Western wheatgrass (Agropyron smithii), blue grama (Bouteloua gracilis), and fourwing saltbush (Atriplex canescens) were subjected to multiple defoliations at moderate and heavy intensities during a 2-year period. Most heavy defoliation treatments drastically reduced herbage yield, vigor, and total nonstructural carbohydrates (TNC) of western wheatgrass. Multiple defoliations were detrimental to vigor and herbage yield of blue grama; however, defoliation treatments did not detrimentally affect root TNC levels. All defoliation treatments severely reduced the number of seedstalks, live crown cover, and TNC of fourwing saltbush, but seedstalk length and live crown diameter were less affected by the defoliation treatments. Both fringed sagewort (Artemisia frigida) and antelope bitterbrush (Purshia tridentata) subjected to two moderate defoliations during quiescence and rapid growth (or flowers developing) remained in fair to good vigor at the end of the growing season. However, both species were detrimentally affected if utilized during the later part of the growing season. Defoliation effects were generally more severe when plants were defoliated at a heavy intensity than when defoliated at a moderate intensity during the same phenological stages. Five- and six-pasture rest-rotation grazing systems were proposed to ensure that grazed plants would receive rest following critical late summer foliage utilization.
    • Overwinter Soil Water Recharge and Herbage Production as Influenced by Contour Furrowing on Eastern Montana Rangelands

      Neff, E. L.; Wight, J. R. (Society for Range Management, 1977-05-01)
      On fine-textured range sites in southeastern Montana, contour furrowing increased average overwinter soil water recharge 11 mm on a saline-upland range site and 39 mm on a panspot range site. Increased recharge resulted from decreased late fall and early spring runoff and increased snow accumulation. Overwinter recharge was a function of both antecedent soil water and the amount of water available for recharge. Herbage production was significantly (r = 0.89) related to spring soil water content.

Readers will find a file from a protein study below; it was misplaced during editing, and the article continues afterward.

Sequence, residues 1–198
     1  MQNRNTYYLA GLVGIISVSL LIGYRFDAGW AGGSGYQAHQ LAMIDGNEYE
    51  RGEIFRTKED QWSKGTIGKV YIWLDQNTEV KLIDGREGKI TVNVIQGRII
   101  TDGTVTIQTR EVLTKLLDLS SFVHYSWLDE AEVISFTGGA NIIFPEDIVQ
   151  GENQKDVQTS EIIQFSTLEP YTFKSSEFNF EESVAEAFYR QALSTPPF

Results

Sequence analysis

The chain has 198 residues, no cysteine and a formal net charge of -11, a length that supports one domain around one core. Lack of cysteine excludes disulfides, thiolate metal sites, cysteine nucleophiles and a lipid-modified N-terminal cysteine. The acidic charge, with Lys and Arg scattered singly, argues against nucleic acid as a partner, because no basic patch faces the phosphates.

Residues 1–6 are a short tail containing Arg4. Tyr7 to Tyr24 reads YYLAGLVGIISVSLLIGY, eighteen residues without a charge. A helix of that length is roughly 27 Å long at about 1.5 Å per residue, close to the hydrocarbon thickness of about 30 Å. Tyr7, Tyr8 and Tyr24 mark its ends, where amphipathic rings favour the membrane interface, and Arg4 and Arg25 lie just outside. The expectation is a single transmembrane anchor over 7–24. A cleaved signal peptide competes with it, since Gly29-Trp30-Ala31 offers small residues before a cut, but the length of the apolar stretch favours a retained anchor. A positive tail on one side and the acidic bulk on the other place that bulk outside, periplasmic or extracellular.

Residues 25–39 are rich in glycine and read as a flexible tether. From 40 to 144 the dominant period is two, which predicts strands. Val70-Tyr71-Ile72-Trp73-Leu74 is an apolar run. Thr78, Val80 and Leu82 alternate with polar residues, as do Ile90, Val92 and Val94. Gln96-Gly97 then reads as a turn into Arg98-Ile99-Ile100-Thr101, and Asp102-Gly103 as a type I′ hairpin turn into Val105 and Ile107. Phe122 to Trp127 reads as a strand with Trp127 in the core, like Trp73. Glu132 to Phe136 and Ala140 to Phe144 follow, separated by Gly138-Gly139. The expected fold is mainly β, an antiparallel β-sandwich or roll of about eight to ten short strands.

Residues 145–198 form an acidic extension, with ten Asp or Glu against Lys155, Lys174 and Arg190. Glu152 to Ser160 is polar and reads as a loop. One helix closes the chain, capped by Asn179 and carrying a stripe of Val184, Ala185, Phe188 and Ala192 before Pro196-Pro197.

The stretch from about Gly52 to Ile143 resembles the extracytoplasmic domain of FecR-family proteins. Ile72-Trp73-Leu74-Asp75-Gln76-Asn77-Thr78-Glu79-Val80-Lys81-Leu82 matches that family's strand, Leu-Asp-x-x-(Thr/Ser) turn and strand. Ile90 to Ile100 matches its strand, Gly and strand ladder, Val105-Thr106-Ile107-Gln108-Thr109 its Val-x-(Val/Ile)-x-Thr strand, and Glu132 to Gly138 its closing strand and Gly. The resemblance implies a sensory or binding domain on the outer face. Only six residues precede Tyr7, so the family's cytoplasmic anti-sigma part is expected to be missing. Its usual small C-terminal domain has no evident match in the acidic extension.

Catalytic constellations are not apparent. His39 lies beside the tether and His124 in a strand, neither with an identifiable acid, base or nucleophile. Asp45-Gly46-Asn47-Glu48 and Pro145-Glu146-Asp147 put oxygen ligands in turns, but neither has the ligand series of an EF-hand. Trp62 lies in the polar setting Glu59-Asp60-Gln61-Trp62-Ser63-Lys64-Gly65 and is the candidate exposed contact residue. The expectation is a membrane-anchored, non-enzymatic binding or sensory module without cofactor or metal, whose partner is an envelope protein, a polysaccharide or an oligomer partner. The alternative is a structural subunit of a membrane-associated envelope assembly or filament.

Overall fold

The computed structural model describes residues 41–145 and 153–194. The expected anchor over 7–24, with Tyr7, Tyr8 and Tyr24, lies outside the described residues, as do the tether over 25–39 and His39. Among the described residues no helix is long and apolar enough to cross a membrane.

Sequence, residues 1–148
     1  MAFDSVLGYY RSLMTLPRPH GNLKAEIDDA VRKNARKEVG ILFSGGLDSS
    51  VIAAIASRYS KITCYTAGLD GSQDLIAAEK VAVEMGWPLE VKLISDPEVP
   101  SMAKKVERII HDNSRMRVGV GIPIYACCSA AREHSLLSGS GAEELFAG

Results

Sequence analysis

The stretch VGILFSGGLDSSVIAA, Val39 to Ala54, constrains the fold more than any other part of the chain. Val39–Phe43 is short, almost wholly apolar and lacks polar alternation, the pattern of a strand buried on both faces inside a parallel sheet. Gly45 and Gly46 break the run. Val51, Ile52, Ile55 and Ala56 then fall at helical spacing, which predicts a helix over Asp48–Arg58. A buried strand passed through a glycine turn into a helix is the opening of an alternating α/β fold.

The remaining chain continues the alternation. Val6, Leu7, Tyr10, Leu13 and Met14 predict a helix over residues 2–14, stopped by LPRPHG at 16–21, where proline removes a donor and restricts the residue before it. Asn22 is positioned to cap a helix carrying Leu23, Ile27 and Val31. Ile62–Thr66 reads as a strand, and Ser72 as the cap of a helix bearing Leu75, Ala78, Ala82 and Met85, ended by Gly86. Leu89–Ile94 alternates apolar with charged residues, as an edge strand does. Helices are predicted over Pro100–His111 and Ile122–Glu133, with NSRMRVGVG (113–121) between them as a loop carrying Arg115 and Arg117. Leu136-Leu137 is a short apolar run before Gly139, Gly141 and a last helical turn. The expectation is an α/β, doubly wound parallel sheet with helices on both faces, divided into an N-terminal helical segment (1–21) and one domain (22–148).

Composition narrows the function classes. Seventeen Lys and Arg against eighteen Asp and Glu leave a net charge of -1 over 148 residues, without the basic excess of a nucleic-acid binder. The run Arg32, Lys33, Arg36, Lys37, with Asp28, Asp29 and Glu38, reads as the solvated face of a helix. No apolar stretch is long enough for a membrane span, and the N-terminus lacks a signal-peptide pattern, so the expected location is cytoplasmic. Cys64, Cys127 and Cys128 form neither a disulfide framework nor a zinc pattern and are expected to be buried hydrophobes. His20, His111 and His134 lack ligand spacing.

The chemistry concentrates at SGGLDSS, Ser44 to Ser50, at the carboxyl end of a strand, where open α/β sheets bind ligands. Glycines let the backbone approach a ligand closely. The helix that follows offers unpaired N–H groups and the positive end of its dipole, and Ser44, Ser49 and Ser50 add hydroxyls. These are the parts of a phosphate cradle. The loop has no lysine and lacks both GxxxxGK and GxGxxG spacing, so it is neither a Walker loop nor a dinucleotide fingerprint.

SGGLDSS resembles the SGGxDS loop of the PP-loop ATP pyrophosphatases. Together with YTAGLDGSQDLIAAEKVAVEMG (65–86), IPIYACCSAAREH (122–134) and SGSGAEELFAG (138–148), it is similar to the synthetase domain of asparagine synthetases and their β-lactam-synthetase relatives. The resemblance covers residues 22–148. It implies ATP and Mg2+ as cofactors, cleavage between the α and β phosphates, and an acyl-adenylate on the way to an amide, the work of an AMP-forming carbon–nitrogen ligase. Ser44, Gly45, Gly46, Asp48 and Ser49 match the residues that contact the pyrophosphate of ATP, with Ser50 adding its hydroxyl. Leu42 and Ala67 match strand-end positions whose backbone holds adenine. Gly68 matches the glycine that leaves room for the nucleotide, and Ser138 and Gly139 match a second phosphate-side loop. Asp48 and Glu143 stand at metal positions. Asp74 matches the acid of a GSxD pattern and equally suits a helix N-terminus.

• Rangeland Production and Annual Rainfall Relations in the Mediterranean Basin and in the African Sahelo Sudanian Zone

      Papanastasis, V. P. (Society for Range Management, 1977-05-01)
      The study of the relationships between annual rainfall and range production in the Mediterranean Basin and the Sahelian Sudanian tropical zones of Africa shows a close correlation between average range production and average rainfall over large geographic areas. For a given amount of rain, net production is higher in the Mediterranean than in the Sahel. The regressions developed show that, on the average, each millimeter of rainfall produces 2 kg/ha of consumable dry matter, or 0.66 Scandinavian Feed Units (FU), in the Mediterranean, whereas in the Sahelian and Sudanian zones these figures drop to 1 kg/ha and 0.40 FU.
    • Responses of Merriam's Turkey to Pinyon-Juniper Control

      Scott, V. E.; Boeker, E. L. (Society for Range Management, 1977-05-01)
      Merriam's turkeys (Meleagris gallapavo merriami) inhabit much of the pinyon-juniper vegetative type in Arizona where ponderosa pines are available for roost sites. A 64% reduction in turkey populations was noted following a pinyon-juniper control program that isolated roost sites 300 m or more from cover. In turkey habitat, cleared areas should not be wider than 90 m to provide good turkey habitat, and strips of cover should be retained as travel lanes to established roost areas.
    • Root Phenology as a Factor of Competition among Grass Seedlings

      Harris, G. A. (Society for Range Management, 1977-05-01)
      Roots of plants express phenology significant to competitive relationships, as do aerial parts. The following developmental stages of root phenology are proposed: (1) germination, (2) initial root growth, (3) rapid extension of root-soil contact, (4) dormancy, and (5) death. Examples of root phenological development in seedlings of three grass species are given to demonstrate effects on competition.
    • Seasonal Variation in Chemical Characteristics of Soil Organic Matter of Grazed and Ungrazed Mixed Prairie and Fescue Grassland